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article imageToxic clouds in Buenos Aires after chemical container explodes

By Anne Sewell     Dec 6, 2012 in World
Buenos Aires - There were reports of a mass evacuation ordered of the city of Buenos Aires, after a chemical container exploded, covering the Argentinian capital with a huge toxic cloud. Apparently it wasn't that bad. (Updated).
The container was reportedly still engulfed in flames after the explosion and initial reports suggested that it was filled with either pesticide or mercury, both of which are dangerous commodities under such circumstances. A later report by Univision News on Twitter states that the chemical was a pesticide or insecticide.
The explosion occurred in the port of Buenos Aires and caused flights at the city's international airport to be suspended, and some metro lines also stopped operation.
Eyewitnesses downtown in Buenos Aires reported seeing clouds of noxious smoke and chaotic traffic in the streets.
However, local media state that there was no mass evacuation, and that people were merely asked to stay inside with their windows closed.
According to the Buenos Aires Herald, the national secretary for security, Sergio Berni confirmed that the fire has been put out and he made it clear that the chemical substances inside the container were of “little danger.”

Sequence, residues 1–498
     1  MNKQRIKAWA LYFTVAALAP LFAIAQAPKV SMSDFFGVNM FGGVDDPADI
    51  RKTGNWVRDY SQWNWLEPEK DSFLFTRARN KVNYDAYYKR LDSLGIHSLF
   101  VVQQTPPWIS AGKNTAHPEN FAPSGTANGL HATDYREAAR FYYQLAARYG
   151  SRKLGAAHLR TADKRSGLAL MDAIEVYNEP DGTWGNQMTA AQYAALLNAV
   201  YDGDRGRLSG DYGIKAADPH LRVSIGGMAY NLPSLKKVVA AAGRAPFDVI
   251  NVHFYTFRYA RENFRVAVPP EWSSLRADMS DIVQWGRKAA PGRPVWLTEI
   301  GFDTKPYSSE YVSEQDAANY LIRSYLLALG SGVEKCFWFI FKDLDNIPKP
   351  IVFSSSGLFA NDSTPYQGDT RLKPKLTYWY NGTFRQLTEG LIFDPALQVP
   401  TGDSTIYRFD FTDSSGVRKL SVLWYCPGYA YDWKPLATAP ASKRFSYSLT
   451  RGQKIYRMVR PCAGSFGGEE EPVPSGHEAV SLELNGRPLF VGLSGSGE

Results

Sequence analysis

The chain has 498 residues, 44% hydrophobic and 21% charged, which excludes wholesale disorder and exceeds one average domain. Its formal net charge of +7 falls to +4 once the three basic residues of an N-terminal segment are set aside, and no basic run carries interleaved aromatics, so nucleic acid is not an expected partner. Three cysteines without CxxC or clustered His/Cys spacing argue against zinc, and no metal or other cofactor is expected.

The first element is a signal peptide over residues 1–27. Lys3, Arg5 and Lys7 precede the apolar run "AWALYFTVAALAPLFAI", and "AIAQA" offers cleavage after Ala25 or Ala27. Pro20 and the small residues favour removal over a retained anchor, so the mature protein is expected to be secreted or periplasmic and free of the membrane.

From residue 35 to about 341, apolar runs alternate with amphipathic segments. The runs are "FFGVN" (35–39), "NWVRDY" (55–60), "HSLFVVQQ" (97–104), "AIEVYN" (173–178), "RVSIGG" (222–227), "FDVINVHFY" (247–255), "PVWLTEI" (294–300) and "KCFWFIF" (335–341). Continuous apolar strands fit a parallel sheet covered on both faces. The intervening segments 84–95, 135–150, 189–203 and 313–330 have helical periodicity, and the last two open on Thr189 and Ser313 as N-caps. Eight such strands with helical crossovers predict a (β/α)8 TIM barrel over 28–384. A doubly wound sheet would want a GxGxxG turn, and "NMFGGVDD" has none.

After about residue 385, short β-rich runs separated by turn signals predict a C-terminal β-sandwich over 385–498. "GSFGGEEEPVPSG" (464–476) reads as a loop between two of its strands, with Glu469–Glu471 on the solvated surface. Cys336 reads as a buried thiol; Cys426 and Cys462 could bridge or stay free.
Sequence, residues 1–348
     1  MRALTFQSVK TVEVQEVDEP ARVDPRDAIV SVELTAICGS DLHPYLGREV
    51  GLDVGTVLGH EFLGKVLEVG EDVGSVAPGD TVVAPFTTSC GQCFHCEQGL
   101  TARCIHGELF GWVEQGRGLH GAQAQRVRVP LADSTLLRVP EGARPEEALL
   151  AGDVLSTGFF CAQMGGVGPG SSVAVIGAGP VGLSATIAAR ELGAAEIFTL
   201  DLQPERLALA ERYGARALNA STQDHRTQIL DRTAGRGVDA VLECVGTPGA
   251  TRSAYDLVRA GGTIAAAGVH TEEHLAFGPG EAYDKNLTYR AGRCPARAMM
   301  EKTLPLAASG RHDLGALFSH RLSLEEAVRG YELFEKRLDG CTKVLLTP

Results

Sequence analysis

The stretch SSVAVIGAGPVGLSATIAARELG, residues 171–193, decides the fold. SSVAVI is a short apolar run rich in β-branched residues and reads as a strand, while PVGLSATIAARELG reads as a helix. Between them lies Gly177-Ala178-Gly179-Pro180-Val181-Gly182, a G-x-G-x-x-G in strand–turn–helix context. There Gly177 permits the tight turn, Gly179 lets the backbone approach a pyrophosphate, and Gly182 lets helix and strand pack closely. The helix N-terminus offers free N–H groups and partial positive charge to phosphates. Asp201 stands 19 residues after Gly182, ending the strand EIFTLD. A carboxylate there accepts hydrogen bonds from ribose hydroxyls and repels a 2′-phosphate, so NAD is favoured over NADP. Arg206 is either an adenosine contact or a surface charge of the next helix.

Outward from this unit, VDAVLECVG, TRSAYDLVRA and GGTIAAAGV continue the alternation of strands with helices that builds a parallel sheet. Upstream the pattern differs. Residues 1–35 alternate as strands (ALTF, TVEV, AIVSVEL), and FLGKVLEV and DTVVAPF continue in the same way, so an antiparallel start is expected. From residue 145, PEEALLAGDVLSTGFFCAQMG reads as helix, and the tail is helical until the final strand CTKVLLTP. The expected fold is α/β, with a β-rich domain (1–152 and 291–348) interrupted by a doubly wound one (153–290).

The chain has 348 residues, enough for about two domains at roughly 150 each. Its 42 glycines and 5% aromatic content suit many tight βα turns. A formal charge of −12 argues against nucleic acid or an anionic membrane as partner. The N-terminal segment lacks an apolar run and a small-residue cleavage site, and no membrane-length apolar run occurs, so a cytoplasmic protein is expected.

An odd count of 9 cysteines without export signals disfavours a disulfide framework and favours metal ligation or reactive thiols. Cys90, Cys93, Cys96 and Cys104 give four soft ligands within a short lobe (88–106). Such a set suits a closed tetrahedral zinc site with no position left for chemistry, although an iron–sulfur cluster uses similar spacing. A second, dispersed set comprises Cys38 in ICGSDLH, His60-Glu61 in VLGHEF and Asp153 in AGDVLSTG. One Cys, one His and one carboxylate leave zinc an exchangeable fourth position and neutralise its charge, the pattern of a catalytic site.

According to local news agencies, a strong smell of rotten waste was reported in Congreso, Recoleta, Retiro, and Microcentro neighbourhoods from early on Thursday morning.
The Met Service (SMN) reported that the strong chemical smell was being spread across to the south of the city due to “strong south-easterly winds.”
Berni added that, “The situation is completely under control. What needs to be highlighted is the brave decision of the Federal Police, who risked their lives and opened the container, not knowing what was inside.”
Update:
The latest news from media in Brazil is that the container was storing a pesticide called thiodicarb, which is apparently a product of “low toxicity.” Berni said that “The pesticide presents a low level of danger and affects the respiratory tract."
Gabriel Ive, National Director of Sanitary Emergency at the Health Ministry, said in a telephone interview that rains in the city on Thursday prevented the toxic cloud from expanding. However, he did say that people who have been in contact with the rain should wash their clothing.
Ive said, “There has been an increase in the number of people who went to hospitals suffering from the symptoms. None of them have been of severity.”
More about Buenos aires, Argentina, chemical spill, Evacuation, Pesticide
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